Any carers or visitors who support you with everyday needs should continue to come round.

Christmas

From 23 December to 27 December the coronavirus rules are changing. Each household can form a 'Christmas bubble' with up to two other households.

 

 

What are the coronavirus rules this Christmas?

This Christmas, from 23 December to 27 December we'll all able be able to form a 'Christmas bubble'. This bubble allows you to join up to two other households during this period.

However, once you've decided which two households you want to spend time with you can't change them. Your bubble remains the same throughout this period. For example, you can't spend Christmas Eve with two households and then Christmas Day with two different households. 

You can spend time with the people in your bubble in someone's home, garden, places of worship or in an outside public space. In terms of hospitality settings such as bars and pubs, you have to follow the guidance for the highest alert level in your Christmas bubble. For example, if someone in your bubble is from a Tier 3 area, everyone in the bubble must follow the hospitality guidance for Tier 3. 

If you have symptoms, the rules don't change

If you have coronavirus symptoms then the rules don't change – you should still get tested and self-isolate. You shouldn't be part of a Christmas bubble if you have symptoms. 

 


Are the rules the same for all three tiers?

Yes, no matter your local alert level these rules apply to everyone this Christmas but only from 23 December to 27 December. 


I'm already in a support bubble or childcare bubble. Will this affect my Christmas bubble?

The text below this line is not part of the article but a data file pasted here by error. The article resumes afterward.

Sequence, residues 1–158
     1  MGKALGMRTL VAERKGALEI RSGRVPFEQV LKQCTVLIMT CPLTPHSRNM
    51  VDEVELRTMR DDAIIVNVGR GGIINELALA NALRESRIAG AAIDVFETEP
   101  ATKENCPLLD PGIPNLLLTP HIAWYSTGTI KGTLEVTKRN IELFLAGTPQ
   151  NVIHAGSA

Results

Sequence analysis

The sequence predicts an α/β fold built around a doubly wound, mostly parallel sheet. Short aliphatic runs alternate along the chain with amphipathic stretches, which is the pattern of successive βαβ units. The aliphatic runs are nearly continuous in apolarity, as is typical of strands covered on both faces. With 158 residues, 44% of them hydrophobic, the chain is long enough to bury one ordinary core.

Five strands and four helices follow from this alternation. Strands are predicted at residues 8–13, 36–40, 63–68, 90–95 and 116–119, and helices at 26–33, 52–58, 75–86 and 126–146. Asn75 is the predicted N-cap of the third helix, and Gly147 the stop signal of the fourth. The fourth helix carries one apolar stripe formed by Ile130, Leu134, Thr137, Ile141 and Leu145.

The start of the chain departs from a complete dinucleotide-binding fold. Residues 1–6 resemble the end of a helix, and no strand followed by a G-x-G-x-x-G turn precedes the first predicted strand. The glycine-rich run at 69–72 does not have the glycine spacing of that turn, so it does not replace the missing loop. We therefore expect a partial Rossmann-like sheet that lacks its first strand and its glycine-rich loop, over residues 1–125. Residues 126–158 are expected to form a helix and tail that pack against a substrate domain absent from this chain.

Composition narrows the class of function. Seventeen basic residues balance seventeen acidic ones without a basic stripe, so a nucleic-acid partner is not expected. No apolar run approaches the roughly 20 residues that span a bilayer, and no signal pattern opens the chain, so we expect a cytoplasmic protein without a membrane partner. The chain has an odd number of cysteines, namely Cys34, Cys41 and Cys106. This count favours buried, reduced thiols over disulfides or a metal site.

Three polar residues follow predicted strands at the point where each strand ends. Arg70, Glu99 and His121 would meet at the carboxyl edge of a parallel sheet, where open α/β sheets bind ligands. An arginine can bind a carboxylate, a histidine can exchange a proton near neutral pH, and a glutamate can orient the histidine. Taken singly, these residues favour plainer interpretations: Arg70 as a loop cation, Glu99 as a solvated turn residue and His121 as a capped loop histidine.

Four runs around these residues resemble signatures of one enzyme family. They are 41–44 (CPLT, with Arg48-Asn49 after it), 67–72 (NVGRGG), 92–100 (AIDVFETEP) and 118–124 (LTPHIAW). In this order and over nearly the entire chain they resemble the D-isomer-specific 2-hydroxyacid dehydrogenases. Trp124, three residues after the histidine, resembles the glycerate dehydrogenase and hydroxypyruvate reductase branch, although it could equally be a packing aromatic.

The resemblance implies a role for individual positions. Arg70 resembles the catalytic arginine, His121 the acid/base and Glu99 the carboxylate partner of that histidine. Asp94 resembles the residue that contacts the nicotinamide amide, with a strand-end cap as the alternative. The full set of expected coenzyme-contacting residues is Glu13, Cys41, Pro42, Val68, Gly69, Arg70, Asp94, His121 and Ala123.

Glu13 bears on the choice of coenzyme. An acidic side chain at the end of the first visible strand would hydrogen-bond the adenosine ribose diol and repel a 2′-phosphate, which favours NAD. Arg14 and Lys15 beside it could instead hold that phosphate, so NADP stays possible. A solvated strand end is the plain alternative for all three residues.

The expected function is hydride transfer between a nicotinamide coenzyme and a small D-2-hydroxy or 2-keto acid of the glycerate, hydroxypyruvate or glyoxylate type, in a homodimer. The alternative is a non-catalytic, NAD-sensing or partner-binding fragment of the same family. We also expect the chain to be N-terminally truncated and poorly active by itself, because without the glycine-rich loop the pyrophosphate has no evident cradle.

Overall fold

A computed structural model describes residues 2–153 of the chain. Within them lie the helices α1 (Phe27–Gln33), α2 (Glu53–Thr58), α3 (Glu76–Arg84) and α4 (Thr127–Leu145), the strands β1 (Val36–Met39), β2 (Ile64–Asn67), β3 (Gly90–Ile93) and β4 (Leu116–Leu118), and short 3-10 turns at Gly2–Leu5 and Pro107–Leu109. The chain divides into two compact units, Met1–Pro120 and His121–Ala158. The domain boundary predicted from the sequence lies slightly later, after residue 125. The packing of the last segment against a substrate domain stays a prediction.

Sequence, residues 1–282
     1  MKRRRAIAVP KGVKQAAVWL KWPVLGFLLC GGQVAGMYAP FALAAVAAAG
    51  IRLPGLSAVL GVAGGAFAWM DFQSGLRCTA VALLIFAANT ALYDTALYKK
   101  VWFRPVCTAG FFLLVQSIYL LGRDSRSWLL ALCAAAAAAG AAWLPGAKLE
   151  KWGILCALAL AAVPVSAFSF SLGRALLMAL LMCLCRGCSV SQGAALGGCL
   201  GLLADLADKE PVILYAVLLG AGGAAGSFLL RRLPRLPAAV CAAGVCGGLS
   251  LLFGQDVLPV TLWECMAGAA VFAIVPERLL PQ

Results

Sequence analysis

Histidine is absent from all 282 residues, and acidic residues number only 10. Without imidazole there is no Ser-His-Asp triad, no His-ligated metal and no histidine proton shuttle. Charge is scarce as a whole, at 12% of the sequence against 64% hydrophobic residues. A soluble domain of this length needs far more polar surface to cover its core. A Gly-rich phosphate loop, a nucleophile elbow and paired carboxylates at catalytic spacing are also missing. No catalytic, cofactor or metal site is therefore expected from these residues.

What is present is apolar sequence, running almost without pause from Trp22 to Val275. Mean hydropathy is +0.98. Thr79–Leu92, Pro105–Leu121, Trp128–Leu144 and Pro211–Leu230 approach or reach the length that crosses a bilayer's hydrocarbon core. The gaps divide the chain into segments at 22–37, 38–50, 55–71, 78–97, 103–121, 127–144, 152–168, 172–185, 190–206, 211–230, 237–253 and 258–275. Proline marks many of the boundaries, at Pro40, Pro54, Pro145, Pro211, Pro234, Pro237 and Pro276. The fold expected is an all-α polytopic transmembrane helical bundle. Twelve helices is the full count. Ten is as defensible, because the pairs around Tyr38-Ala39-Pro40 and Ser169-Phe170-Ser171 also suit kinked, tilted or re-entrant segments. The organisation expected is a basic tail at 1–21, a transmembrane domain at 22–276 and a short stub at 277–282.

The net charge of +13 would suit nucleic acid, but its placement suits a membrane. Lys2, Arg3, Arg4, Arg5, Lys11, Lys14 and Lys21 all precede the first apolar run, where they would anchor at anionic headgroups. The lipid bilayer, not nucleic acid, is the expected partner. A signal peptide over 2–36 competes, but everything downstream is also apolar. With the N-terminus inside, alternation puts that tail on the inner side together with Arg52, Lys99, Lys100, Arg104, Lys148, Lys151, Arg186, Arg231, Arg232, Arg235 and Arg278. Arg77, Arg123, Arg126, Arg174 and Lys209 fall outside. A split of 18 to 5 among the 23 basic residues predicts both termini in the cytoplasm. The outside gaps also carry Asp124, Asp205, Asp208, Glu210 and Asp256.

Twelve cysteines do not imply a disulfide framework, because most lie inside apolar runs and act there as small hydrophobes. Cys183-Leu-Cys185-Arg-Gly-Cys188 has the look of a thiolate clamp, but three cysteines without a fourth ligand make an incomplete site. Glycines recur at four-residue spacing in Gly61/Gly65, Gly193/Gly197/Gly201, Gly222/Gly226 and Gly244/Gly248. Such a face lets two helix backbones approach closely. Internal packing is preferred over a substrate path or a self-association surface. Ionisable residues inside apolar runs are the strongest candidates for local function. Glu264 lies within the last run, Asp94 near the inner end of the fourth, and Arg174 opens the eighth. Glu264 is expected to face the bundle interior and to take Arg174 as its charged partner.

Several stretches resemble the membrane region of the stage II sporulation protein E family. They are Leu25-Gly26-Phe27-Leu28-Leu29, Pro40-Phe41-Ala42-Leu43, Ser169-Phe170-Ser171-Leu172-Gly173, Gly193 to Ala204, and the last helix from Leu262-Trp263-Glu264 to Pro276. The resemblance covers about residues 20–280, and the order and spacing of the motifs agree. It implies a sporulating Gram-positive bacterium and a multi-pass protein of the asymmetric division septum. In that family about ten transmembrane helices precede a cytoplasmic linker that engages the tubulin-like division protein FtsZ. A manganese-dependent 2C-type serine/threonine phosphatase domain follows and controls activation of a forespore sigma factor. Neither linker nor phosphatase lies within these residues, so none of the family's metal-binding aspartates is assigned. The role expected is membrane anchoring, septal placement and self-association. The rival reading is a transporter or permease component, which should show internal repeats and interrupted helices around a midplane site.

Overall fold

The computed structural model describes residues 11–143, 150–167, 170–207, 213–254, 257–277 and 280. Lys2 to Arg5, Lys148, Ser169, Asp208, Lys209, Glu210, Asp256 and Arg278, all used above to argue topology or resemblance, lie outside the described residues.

If you're already part of a support bubble then you and the people in this bubble will count as one household and can meet with up to two other households. 

However, if you're in a childcare bubble, you and the others in this bubble will count as two separate households if you're in the same Christmas bubble and so can only meet with up to one other household. 


Can I see people that aren't in my Christmas bubble?

You can't spend time indoors with anyone that isn't in your Christmas bubble from 23 December to 27 December but you can meet up with others outside in public spaces.


Can I travel to form a Christmas bubble?

Yes, you can travel across the UK to form your Christmas bubble, regardless of tiers. Any travelling should also take place between 23 December and 27 December. 

If you're travelling on public transport, it's a good idea to plan ahead as services are likely to be busier than normal. If you're driving, it's best to only travel in a car with people in your household or support bubble.  


Can I stay overnight during the Christmas period?

Once you've formed your Christmas bubble, you can stay overnight at someone's house if they're in your bubble. 

If you need to stay overnight elsewhere, you can stay at a hotel but can only do so by yourself or with those in your household or support bubble – this doesn't include those in your Christmas bubble. 


How can I avoid catching coronavirus this Christmas?

As the lockdown measures are eased for the five-day period there is an increased risk of the virus spreading. So, before forming a Christmas bubble, it's important to think through the risks and what you can do to stay as safe as possible. 

So what can you do to help reduce the risk?

  • You, and the people in your Christmas bubble, should do what they can to reduce their exposure to coronavirus in the two weeks leading up to 23 December. This might mean avoiding busier places and limiting who you see – no matter what tier you're in.